Enrile’s arraignment for graft charges delayed

Buena Bernal
The anti-graft court's 3rd division decides to first resolve the prosecution's pending motion to admit amended information in Enrile's graft cases

DELAYED. Senator Juan Ponce Enrile's arraignment for his graft charges is set for a later date. Photo by Boy Santos/Sandiganbayan pool

MANILA, Philippines – Indicted plunderer and opposition senator Juan Ponce Enrile will be arraigned on July 18 at the earliest for his 15 counts of graft.

This, after the anti-graft court Sandiganbayan’s 3rd division decided to first resolve the prosecution’s pending motion to admit amended information in his graft cases.

During the scheduled arraignment on Friday, July 11, Enrile did not enter any plea for his plunder case.

But he and his co-accused will have to wait for another week to be read their charges for graft and plead before the court.

The prosecution wanted to change the use of “SubAROs” to “SAROs” in its Information or charge sheets for the graft cases.

A Special Allotment Release Order (SARO) is prepared by the Department of Budget and Management, while a Sub-Allotment Release Order (SubARO) is prepared and issued by a specific line agency like the Department of Agriculture and the Department of Public Works and Highways.

A SubARO, as defined by the budget department, is a specific authority issued by the central office or regional office of a department or agency to its lower operating units which allow them to incur obligations during a specific period. In contrast, a SARO is issued by the DBM itself to identified agencies.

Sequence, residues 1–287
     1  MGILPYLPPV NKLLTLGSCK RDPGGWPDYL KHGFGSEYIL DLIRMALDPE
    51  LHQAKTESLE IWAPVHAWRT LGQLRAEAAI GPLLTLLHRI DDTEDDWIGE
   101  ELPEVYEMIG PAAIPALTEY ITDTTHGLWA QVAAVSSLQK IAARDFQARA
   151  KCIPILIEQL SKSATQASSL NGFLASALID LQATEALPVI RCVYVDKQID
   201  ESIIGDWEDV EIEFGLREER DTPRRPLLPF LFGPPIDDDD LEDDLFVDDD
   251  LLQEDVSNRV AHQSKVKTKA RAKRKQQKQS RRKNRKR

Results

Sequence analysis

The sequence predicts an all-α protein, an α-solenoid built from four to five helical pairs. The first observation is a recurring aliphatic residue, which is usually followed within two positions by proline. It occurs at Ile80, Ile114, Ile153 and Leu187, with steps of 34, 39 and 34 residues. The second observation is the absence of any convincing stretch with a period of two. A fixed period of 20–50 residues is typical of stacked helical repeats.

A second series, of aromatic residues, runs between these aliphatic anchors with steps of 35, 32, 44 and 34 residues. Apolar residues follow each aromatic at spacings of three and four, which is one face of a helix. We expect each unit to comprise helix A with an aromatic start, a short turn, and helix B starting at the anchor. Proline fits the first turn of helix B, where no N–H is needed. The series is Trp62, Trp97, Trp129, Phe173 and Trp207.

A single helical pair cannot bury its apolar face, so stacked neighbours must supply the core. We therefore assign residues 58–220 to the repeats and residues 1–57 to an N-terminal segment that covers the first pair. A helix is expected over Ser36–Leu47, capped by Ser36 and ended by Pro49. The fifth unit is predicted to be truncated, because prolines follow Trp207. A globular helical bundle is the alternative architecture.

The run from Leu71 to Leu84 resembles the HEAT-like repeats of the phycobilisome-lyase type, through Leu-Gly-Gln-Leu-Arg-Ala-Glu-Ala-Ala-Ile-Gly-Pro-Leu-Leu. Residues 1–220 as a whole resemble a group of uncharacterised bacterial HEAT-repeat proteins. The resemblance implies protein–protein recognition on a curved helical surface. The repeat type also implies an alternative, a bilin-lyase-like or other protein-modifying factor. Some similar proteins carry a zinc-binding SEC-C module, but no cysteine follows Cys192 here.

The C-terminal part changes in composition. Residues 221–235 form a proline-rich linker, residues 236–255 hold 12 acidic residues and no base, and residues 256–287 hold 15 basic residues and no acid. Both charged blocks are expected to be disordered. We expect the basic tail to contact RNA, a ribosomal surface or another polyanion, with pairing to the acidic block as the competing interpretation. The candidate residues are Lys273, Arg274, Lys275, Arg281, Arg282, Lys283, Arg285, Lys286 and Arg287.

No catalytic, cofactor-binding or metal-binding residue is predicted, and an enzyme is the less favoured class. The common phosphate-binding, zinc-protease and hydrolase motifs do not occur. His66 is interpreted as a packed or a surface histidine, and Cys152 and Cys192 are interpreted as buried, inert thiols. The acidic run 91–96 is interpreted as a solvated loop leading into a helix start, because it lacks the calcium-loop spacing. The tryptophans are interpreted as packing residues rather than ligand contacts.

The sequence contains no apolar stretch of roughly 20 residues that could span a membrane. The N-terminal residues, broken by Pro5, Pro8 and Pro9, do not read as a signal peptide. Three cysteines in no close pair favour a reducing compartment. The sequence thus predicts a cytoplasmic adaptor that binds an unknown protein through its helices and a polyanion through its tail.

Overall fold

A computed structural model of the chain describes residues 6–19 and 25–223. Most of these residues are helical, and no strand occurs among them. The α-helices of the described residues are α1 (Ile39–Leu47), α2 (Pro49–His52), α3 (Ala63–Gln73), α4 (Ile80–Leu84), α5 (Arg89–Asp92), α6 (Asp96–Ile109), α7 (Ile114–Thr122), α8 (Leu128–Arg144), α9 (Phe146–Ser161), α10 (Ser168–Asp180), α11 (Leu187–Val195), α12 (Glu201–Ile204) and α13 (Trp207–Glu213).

Prosecutors were earlier admonished by Justice Rafael Lagos of the court’s 1st division for their use of SubARO as evidential basis for the charge sheets in the graft cases. He said these were unrelated evidence, even questioning the prosecutors if they knew the difference between the two release orders in the first place. (READ: PDAF case prosecutors hit for evidence used)

Confused’ prosecution

In an interview, lawyer Willie Rivera, legal counsel for alleged pork scam mastermind Janet Lim-Napoles, said the prosecution is “confused” over its stand.

“They’re having two diametrically opposed positions,” Rivera said, pertaining to the prosecution’s opposition to Enrile’s motion for a bill of particulars and their move to amend the charge sheets in the graft cases.

A bill of particulars would clarify and specify in detail the charges against Enrile.

Rivera said the prosecution’s opposition to a bill of particulars only shows they believe the charge sheet for Enrile’s plunder case is sufficient and not vague or “lacking in details” – as the defense claims. But at the same time, he said, their move to amend the charge sheets shows they are not confident about their cases.

“On one hand, they’re saying all we have stated is correct. On the other hand, they’re saying what we have stated needs to be corrected,” he elaborated.

Enrile’s motion for a bill of particulars was denied by the court Friday morning. The court’s denial was cited by lawyer, Estelito “Titong” Mendoza, as among the reasons why his client did not enter any plea.

Mendoza said the bill would have enabled their camp to clearly understand the charges against Enrile and plead accordingly.

Repetitious charges

Meanwhile, Rivera reiterated that the charges against the accused in the pork barrel scam were vague and repetitious.

He said if common evidence is used in the plunder and graft cases, then the other must be withdrawn.

“It’s the same thing. When you’re saying its plunder, it’s a repetition of commission of the offenses in the anti-graft,” he said. – Rappler.com